My system IS working - I just have a problem adding additional Dial Patterns in my outbound route because I already have like 2400 lines listed in there (~!)
My [Stuipid] voice circuit provider INSISTS that I send 10 digits for local calls, and 1+10digits for long distance calls.
When I set up my Freepbx distro server (lastest version with latest updates), I decided to configure so that our users should ALWAYS dial a 1+10, and I imported all 2400 dial patterns which we can dial (MUST) dial without 1+10. and this worked just fine.
The problem that NOW I need to add another Dial Pattern - and in FreePBX gui, only about 1/2 of my Dial Patterns display. I am concerned that if I add the one new dial pattern and hit save - that I MIGHT LOSE the other dial patterns which ARE currently working right but not displayed in freepbx web gui.
Note that when I did the import, the wizard said something like “you have so many, let me switch you to the other view” which is great - and now instead of forms-view - it’s just a white box with many lines of dial patterns - one per line. but I don’t see any way to view more than about the first 1/2 (or maybe it’s even the first 1/4 not quite sure.)
Should I just try and edit the asterisk extension file which actually stores this data? or should I re-import all of the rules again and this time use wild-cards 4232[2-6]XXXXX to make less entries? or other ideas?
– I see some of the other posts where their voice provider switched their accounts so that they can ALWAYS dial 1+10 - but alas - my voice T1 provider won’t do it…
To minimize, I would look at the first few pages of your local white page directory, add the exceptions to long distance office-codes inside your area-code. I am sure they would be less than 2400. Then make the various prioritized outbound routes to suit.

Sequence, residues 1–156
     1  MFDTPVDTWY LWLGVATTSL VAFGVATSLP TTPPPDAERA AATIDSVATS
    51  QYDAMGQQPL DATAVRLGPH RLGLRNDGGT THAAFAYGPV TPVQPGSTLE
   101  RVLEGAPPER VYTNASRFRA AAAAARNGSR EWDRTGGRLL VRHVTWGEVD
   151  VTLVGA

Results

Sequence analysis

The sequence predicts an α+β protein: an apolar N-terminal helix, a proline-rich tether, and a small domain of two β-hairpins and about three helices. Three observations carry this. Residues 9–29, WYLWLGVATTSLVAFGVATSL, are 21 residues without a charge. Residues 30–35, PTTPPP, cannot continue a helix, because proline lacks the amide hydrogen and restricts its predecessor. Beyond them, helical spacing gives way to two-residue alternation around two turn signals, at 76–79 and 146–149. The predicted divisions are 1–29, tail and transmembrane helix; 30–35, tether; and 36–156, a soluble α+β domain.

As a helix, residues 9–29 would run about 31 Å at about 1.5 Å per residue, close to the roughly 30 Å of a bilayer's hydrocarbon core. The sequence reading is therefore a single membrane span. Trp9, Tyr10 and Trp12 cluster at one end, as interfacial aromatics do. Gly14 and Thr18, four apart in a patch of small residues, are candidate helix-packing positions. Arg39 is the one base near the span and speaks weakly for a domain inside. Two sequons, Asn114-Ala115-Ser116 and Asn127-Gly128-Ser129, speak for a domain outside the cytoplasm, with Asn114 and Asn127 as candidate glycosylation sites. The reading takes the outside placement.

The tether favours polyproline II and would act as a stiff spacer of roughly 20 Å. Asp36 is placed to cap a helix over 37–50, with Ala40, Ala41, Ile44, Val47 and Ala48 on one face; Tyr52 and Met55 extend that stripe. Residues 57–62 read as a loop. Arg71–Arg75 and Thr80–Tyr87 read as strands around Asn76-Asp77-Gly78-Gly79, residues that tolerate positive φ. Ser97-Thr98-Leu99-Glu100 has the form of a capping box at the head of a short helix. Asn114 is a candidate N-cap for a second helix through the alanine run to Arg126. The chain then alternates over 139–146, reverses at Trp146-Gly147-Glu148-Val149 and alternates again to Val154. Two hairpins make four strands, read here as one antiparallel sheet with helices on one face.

I live in a “local long distance” area with three local area codes that requires 10-digit dialing, and I don’t have nearly that many numbers in my dial pattern list.
There is precedent for your provider requiring “local calls” not use 1 and long distance using 1, so finding a solution is important, .
Is there any way to simplify by area code and NPX? Your example of 4232[2-6]XXXXX is going to become unwieldy quickly. Remember that there is an “advanced setting” for the old-style text-based rule list.
If you still want to do that, I’d recommend writing a program that took the dial patterns in your current data and build a text file that you can use to limit your calling. You should NOT try to directly edit the extensions_additional.conf file - the program will just over-write it. You need to stick with the GUI to avoid weird problems with numbers that are in supposed to be there (and aren’t) or vice versa.
It might be time to think outside the box, though. Depending on your costs, a T1 might NOT be the most cost effective solution for your needs. For example, SIPStation, Alcazar Network and VOIP Innovations both provide SIP connections at very reasonable rates. The long-distance termination and origination rates were about 1/10th the cost of the calls we were placing on our PRIs. The amount of “free calling” we were getting from the PRI (think 23-channel T1) didn’t offset the amount of money we “lost” when we started having to pay for every call.
Thanks for the kind responses.
Earthlink thinks they’re being helpful by extending the free calling area far beyond what AT&T for example would give us - but that’s what is causing the problem really…
I have primarily relied on SIP trunks in the past - and with the SIP trunk providers I’ve used - you just use 1+10digits for all calls - which makes this very simple…
I’m meeting with another provider next week, I’ll talk with them about it - we may end up switching providers over this issue - of course it’ll be a PAIN because we have like 80 DID numbers and 2 - 800 numbers, etc.
Also, the advantage of using Asterisk is that the in-processing of calls is split between the trunk and the inbound routes.
Adding a new (or multiple) trunks (as @lgaetz pointed out) means that the trunks can pick and choose which inbound route (or routes) the incoming calls will use.
So, having 80 DIDs is really not an issue for Asterisk. You set up your trunk to the provider and let them decide which calls come in and which don’t. Once they arrive at the trunk, you can route the calls to your inbound routes for DID processing, so once your system is set up, you can add/move/delete numbers or trunks at will and the system should properly route all of your calls correctly.